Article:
I do suspect local overheating but I don't know how to confirm that suspicion or
    prevent it if that is the case. I will try and locate a current source as was
    suggested, but failing that I am still open to suggestions.

    Again thank you for all the positive feedback.

    Cornelius
     
  11. Cornelius

    Cornelius Guest

    Thanks to all who offered advice on my problem.
    In answer:
    I am using uncoated platinum metal. I am not sure it would be safe to immerse it
    in water.
    I measured the resistance of the films with a multi-meter. The are on the order
    of 2000-3000 Ohms, and yes they are in a serpentine pattern. The failure site
    varies on different runs but most occur at a transition pint in the film width;
    ie at a point were I from a width of several millimeters to a width of a
    fraction of a millimeter.
    I do suspect local overheating but I don't know how to confirm that suspicion or
    prevent it if that is the case. I will try and locate a current source as was
    suggested, but failing that I am still open to suggestions.

    Again thank you for all the positive feedback.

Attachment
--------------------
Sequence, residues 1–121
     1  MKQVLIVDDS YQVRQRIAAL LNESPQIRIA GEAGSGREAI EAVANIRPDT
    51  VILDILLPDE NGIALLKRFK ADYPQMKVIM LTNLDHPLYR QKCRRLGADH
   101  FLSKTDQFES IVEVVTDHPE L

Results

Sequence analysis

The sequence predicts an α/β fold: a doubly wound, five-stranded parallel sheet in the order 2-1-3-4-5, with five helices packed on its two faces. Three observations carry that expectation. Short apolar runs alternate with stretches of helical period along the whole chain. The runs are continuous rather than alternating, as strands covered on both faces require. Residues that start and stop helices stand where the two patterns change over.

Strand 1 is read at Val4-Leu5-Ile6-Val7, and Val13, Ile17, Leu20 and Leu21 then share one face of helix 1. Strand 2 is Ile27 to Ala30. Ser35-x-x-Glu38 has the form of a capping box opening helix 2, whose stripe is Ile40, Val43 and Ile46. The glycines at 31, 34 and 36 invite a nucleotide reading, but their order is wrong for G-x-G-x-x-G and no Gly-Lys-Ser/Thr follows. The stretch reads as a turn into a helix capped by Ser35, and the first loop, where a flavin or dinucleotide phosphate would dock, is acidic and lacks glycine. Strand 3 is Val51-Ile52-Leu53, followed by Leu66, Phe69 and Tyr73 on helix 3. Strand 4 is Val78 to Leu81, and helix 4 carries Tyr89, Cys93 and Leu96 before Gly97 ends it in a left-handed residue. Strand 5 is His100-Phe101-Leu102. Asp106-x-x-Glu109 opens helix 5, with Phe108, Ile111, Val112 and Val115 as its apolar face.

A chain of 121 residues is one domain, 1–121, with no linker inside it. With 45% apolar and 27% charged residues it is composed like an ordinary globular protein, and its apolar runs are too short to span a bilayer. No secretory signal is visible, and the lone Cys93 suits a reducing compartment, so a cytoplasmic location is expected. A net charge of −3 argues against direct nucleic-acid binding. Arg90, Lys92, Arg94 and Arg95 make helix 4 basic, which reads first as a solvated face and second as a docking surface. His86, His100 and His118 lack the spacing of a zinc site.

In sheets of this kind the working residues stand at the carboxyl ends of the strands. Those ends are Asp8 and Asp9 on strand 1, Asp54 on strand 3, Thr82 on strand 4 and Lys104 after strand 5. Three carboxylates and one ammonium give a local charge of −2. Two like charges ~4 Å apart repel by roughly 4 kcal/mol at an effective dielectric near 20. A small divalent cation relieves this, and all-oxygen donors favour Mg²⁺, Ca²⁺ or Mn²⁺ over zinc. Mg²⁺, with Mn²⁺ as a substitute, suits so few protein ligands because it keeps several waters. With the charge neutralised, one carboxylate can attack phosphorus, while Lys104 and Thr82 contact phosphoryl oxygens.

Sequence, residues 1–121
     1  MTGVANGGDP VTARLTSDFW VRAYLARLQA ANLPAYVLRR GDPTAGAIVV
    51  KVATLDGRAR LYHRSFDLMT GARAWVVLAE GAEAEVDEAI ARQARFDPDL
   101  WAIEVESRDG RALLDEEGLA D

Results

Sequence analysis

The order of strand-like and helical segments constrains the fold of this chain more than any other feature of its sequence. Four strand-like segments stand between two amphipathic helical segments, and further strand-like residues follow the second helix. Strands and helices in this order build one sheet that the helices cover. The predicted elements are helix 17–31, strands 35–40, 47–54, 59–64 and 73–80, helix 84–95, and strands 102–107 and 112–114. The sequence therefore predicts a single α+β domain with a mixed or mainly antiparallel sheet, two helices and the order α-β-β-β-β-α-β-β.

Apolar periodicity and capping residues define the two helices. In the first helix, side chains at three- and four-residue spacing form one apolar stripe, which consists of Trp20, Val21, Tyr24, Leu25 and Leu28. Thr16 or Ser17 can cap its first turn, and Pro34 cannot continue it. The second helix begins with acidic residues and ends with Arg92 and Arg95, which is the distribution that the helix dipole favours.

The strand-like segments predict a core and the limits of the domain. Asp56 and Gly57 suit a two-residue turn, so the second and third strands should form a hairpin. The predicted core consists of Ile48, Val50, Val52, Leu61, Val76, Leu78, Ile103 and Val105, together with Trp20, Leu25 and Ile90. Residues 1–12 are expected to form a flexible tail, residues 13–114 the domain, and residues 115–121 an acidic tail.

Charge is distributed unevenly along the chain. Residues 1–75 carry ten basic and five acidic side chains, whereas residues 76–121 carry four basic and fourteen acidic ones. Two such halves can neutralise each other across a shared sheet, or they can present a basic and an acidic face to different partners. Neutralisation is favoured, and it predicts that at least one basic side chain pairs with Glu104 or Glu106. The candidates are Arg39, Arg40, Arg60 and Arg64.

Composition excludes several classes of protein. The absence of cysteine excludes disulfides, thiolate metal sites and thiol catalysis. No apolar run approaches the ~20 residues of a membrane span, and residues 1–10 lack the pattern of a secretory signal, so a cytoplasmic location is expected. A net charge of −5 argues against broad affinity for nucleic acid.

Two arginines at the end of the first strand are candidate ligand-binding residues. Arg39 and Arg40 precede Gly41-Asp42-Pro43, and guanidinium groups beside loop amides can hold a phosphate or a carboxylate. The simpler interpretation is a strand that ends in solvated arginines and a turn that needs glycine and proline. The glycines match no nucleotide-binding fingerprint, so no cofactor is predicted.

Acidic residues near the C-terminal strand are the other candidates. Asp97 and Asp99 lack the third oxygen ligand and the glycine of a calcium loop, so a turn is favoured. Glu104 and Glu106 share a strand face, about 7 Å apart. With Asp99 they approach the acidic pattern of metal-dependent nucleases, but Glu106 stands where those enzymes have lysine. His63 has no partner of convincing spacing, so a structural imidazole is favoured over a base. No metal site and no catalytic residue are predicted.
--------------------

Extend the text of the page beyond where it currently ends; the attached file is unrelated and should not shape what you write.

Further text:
Cornelius
     
  12. Cornelius

    Cornelius Guest

    Thanks to all who offered advice on my problem.
    In answer:
    I am using uncoated platinum metal. I am not sure it would be safe to immerse it
    in water.
    I measured the resistance of the films with a multi-meter. The are on the order
    of 2000-3000 Ohms, and yes they are in a serpentine pattern. The failure site
    varies on different runs but most occur at a transition pint in the film width;
    ie at a point were I from a width of several millimeters to a width of a
    fraction of a millimeter.
    I do suspect local overheating but I don't know how to confirm that suspicion or
    prevent it if that is the case. I will try and locate a current source as was
    suggested, but failing that I am still open to suggestions.

    Again thank you for all the positive feedback.

    Cornelius
     
  13. heating of any substance creates free electrons, which enhance conduction.
    The more you heat it the more free electrons, when a substance starts
    visibly glowing that is because you are tearing electrons from the inner
    shells and they are emitting photons as they fall back to the low energy
    states.
     
  14. Phil Hobbs

    Phil Hobbs Guest

    Spinach. The number of free electrons in a metal is a very, very weak function of
    temperature--every metal atom is already contributing at least one, so where are the
    others going to come from?

    Cheers,

    Phil Hobbs
     
  15. ddwyer

    ddwyer Guest

    My knowledge also limited but I suggest you do not have a uniform film.
    If evaporating initially deposit nichrome to give adhesion and then
    whilst under vacuum platinum.
    I once powered a transistor as a quartz crystal heater in a vacuum
    envelope.
    My high thermal resistance connections were through fine platinum wires
    which glowed red heater with 100mA.
    Interesting to note that platinum wire is a temperature sensor under
    other circumstances so its Tc is well known.